After a brief visit to New Delhi, I want to share some of the insights I have gleaned from maternal and child experts about the current state of maternal and child health in the vast country of India, home to about a sixth of the world’s population.
As I am sure you are aware, a few years ago (2005), the Indian Government launched a highly innovative and ambitious scheme—the Janani Suraksha Yojana scheme, which everyone refers to as JSY—to reduce maternal and newborn mortality and improve maternal and newborn health by promoting institutional delivery. Essentially, JSY is a conditional cash transfer program in which payments are given to mothers living below the poverty line and to ASHAs (Accredited Social Health Activists, female health workers who are responsible for the mother) if the mother gives birth in a public health-care facility. JSY includes delivery and post-delivery care in addition to reimbursement for any out-of-pocket expenses incurred for transport to and from the health care facility.
Much has been written about the JSY scheme and there have been some formal evaluations about its impact on maternal and neonatal mortality. However, what perhaps is most striking is how JSY has completely changed the demographics of health care in India. The Indian experts I talked to said that deliveries in health facilities have dramatically increased, by at least three times in some states, and interestingly, the proportion of public versus private health care deliveries has changed. Before JSY, for women who chose to give birth in health care facilities, about 65% of births were in the private sector and 35% in the public sector. However, as one of the aims of JSY is equity in addition to coverage, the conditional cash payments do not include the private sector. Government officials told me that since the implementation of JSY, the proportions have now flipped to 65% of births in the public sector and 35% in the private sector. This change is quite an achievement in itself.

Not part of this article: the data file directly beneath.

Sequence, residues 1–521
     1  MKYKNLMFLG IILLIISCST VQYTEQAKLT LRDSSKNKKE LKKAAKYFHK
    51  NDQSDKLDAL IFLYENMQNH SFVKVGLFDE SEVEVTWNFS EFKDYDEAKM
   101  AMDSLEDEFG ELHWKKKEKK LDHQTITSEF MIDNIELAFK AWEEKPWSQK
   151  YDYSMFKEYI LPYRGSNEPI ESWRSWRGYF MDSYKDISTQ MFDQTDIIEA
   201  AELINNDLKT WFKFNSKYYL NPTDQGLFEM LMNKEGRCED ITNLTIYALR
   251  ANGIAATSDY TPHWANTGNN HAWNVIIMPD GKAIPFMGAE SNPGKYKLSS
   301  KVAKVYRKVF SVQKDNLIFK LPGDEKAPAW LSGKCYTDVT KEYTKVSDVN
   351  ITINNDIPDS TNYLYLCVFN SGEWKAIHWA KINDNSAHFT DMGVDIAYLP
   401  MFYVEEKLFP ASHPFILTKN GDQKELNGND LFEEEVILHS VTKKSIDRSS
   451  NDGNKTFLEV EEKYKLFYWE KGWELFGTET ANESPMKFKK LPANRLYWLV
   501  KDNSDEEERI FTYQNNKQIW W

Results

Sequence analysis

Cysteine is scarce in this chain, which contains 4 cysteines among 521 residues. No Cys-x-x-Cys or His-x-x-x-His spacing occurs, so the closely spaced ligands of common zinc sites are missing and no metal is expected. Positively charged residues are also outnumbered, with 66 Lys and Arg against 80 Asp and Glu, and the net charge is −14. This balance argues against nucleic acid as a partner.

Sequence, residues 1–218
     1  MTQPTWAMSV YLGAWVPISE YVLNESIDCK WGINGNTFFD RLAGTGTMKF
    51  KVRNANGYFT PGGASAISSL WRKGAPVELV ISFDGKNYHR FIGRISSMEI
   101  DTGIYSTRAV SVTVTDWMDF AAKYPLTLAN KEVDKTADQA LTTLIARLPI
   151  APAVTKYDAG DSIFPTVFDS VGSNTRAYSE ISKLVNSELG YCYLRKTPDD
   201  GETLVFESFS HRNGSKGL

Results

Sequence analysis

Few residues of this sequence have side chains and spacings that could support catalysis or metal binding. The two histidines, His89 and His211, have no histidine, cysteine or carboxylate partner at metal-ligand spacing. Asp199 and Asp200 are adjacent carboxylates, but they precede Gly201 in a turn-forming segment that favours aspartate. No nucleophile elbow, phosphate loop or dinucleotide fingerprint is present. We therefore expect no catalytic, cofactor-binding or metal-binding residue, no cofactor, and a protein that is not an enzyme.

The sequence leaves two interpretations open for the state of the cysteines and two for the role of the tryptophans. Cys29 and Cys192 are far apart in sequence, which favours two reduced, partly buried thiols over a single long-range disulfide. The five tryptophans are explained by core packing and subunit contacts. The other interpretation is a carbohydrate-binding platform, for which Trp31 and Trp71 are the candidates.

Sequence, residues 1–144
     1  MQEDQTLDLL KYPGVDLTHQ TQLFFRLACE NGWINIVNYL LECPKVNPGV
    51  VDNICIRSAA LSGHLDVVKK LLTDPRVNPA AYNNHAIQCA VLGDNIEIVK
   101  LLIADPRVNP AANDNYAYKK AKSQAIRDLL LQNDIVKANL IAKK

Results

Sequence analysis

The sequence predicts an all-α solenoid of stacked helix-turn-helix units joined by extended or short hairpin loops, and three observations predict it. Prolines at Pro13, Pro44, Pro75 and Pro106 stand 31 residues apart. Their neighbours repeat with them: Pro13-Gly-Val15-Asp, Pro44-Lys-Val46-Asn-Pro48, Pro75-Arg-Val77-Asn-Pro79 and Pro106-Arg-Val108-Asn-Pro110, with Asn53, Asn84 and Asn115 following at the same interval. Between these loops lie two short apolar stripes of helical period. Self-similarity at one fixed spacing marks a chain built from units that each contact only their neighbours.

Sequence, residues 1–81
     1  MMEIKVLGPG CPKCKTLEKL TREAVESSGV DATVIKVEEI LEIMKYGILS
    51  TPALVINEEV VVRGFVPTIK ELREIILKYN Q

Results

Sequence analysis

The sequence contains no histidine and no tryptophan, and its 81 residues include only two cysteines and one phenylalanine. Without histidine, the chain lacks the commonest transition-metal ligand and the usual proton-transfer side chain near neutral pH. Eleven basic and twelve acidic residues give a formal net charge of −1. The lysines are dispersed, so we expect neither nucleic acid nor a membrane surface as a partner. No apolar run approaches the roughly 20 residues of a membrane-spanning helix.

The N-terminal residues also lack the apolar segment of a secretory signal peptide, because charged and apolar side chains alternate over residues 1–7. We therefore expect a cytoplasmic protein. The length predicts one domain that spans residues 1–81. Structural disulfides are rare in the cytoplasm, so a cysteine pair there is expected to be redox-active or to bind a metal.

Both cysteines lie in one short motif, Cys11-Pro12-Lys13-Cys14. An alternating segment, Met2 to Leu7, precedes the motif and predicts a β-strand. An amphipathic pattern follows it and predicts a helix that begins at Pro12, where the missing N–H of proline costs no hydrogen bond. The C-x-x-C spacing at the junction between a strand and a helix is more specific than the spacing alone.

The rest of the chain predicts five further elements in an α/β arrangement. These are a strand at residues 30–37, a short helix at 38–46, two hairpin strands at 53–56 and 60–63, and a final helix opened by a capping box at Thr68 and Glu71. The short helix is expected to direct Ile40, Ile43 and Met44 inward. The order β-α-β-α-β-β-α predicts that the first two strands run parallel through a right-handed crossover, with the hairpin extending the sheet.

Because of the dramatic rise in births in public health facilities, the system is understandably strained and so the focus of the Indian Government is now on the quality of health care and standards of care within health facilities (including hospitals) where the number of inpatients has greatly increased.
There is much still to do, especially in some states such as Uttar Pradesh where a large proportion of the 200 million population (about the same population as Brazil) are living below the poverty line. However, hearing more about the effects of the incredible JSY scheme from the health workers on the front line, brought home to me the importance of political will and what can happen when the government of a country is really committed to improving the health of all its people.